Pope Benedict was elected around 9 a.m. Pacific Time. I know this because I was studying at Mount Angel Seminary in Oregon at that moment in time, preparing for the Catholic priesthood. Between morning Mass and our first class, the monastery bells began to ring. Knowing what those bells meant, seminarians and faculty gathered in front of whatever TV we could find, turned on CNN, and waited to see who had been elected. The reaction among the faculty when the name Joseph Ratzinger was announced was mixed. Some were excited, as were most of the seminarians. Others were quieter, concerned he would be too conservative. Once the cheering, celebrating, and arguing was over, I went to class. There my Benedictine monk philosophy professor told us he was concerned because Cardinal Ratzinger was such a liberal.
This anecdote illustrates two things: First, the excitement of a papal election; and, second, the diversity that exists within the Catholic Church – and even within the faculty of a single seminary. Pope Benedict’s legacy reflects this diversity, which is why our world has such a difficult time pinning him down.
Was he conservative? He stood against abortion, gay marriage, and the ordination of women.
Was he liberal? He spoke for the poor, condemned the Iraq war, and had solar panels installed at the Vatican, hoping to make Vatican City the world’s first carbon neutral state.
He argued against philosophical relativism and defended Catholic dogma. And he sought common ground with other Christians, Jews, Muslims, atheists – and anyone willing to talk seriously.
There are two ways of looking at such a man. Maybe he was confused, unwilling to pick a side, trying to please everyone. This is doubtful, because each of these positions upset many people. Instead, maybe he followed a master who makes liberal/conservative categories superfluous. In his own words, “[B]eing Christian is not the result of an ethical choice or a lofty idea, but the encounter with an event, a person, which gives life a new horizon and a decisive direction”. Maybe he was a man in love, and the one he loved explodes our limiting human categories.
I travelled to Madrid with thirty Saskatoon college students in the summer of 2011 to see Pope Benedict at what we now know was his last World Youth Day. These students represented all sides of the Catholic Church, from daily Mass-goers to Christmas and Easter (if that) attendees. Seeing the Pope in person, one word stood out for them: humility. Whether he greeted the Spanish royal family, knelt in prayer, hid from the rain under a white, papal umbrella, or was applauded by a crowd of one million, the impression remained: humility. Many of them were surprised. The harsh, doctrinaire image they had imbibed from CBC specials and their religious-studies courses seemed far removed from the smiling, grandfatherly man who had come to see them.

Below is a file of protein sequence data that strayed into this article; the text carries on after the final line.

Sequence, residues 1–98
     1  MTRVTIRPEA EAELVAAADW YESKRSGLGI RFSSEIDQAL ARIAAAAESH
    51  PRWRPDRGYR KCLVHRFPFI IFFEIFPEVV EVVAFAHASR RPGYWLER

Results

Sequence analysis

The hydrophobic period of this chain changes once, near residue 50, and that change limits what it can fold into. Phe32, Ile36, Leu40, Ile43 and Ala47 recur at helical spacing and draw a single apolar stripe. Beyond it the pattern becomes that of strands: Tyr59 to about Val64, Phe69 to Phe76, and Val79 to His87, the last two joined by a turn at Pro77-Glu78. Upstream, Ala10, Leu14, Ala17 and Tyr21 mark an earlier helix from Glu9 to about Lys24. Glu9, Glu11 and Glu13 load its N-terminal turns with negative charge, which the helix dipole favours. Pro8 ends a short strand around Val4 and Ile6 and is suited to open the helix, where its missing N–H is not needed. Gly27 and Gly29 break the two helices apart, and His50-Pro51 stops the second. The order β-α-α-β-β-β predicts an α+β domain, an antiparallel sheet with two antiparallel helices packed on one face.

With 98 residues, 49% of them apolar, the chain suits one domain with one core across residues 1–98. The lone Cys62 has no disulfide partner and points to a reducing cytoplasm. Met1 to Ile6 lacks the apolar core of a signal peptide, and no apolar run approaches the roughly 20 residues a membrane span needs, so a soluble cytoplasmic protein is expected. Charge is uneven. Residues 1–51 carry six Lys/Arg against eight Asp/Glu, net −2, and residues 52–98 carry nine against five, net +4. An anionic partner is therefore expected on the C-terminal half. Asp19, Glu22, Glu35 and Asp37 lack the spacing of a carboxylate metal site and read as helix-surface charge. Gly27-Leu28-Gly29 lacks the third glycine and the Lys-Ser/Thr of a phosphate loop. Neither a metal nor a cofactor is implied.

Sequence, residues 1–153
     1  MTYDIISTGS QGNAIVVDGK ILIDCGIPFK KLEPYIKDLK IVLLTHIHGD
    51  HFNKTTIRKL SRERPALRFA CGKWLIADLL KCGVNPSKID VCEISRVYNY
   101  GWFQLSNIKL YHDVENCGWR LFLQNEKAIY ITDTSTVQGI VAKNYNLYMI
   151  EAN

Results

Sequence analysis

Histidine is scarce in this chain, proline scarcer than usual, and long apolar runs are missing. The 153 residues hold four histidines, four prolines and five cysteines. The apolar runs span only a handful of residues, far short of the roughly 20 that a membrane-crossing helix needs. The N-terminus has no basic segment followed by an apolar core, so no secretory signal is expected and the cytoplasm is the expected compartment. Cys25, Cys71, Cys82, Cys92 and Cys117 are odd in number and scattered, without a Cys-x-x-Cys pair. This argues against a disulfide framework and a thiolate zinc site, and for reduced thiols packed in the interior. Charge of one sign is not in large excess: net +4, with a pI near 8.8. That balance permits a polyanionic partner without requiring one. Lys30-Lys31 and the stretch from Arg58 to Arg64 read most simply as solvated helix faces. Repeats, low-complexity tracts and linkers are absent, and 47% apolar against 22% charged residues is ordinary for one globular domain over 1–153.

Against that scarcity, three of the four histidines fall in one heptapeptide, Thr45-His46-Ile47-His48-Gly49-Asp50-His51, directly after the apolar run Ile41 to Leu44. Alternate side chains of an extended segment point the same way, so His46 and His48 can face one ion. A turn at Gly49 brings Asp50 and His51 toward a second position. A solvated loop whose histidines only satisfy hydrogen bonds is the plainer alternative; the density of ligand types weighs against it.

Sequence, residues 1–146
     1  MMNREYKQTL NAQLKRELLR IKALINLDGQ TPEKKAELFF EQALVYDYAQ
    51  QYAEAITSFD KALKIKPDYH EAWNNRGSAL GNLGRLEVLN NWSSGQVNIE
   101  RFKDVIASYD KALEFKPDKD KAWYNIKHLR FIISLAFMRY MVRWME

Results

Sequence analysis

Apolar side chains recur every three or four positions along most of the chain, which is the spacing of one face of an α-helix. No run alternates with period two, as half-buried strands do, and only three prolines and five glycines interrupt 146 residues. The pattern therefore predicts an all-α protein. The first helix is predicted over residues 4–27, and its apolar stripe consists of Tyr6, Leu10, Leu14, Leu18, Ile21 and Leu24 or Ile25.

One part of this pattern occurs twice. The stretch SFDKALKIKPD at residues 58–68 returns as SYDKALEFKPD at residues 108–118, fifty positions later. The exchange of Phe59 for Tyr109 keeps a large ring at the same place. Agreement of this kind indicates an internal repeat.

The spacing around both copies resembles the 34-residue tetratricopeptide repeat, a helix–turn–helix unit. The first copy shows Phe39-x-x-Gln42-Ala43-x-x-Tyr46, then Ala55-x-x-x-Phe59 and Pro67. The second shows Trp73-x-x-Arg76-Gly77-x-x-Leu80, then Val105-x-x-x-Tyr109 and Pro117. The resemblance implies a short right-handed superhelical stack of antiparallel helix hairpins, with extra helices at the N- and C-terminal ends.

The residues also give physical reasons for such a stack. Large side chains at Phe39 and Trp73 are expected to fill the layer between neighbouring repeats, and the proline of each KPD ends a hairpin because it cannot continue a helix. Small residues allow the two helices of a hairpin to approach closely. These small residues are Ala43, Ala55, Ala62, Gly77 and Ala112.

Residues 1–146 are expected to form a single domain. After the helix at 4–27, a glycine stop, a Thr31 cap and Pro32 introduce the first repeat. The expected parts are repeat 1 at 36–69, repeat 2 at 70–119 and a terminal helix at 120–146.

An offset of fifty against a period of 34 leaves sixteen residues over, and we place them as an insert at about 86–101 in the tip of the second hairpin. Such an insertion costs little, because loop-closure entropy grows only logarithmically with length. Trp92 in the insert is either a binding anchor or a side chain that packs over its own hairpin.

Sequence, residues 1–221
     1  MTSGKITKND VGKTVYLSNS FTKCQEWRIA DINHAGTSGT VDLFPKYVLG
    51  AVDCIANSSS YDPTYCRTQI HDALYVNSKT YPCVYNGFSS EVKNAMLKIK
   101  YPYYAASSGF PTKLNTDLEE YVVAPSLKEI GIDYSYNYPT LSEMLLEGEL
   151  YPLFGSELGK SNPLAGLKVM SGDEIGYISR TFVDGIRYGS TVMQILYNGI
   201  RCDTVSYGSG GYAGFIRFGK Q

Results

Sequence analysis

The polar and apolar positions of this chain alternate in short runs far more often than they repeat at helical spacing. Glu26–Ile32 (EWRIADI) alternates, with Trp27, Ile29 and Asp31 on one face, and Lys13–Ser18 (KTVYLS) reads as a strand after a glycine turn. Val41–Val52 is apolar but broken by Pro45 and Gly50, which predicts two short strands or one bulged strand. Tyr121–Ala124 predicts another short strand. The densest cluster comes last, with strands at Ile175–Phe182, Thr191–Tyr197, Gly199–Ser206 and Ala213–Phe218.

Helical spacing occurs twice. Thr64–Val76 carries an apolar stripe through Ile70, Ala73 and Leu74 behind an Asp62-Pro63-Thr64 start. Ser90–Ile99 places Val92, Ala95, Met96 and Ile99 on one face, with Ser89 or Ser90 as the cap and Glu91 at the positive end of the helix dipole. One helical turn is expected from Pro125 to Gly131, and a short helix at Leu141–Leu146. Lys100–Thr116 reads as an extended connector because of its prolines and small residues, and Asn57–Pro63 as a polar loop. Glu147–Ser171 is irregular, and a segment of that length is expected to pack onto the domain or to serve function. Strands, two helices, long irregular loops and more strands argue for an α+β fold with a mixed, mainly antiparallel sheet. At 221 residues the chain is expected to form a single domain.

Humility is a good word for this Pope, but for me another word better sums up his legacy. That word is love. His first encyclical, Deus Caritas Est (God is Love), ends with the following words, as a prayer to Mary, “Show us Jesus. Lead us to him. Teach us to know and love him, so that we too can become capable of true love and be fountains of living water in the midst of a thirsting world.” His first papal word was a prayer that Christians would know the love of Jesus and be able, in that love, to love the world.
His last Urbi et Orbi Christmas message contains what is, for me, his greatest summary of the Christian faith: “Only the God who is love, and the love which is God, could choose to save us in this way.” By “this way,” the Pope means the way of Incarnation – the way of taking on our humanity, living our life, and dying our death.
To a world that didn’t always seem to care, Pope Benedict asked, What if this is true? What if God exists? What if this God loves? What if this love became man to be near you and to bring you forever to himself? Most importantly, if this love is true what can we do but live for it?
As a young priest, less than two years into my ministry, this is the legacy I take from my Holy Father. He challenged us to walk the way of love. This was his way, but more importantly it’s the way of Jesus. It’s the way of the Gospel. And it’s the way all Christians strive, stumbling, to follow.
Rev. Matthew Ramsay was ordained in June, 2011, for the Roman Catholic Diocese of Saskatoon. He currently serves four small country parishes centered on Kerrobert, Sask. He tweets @frramsay.Report Typo/Error
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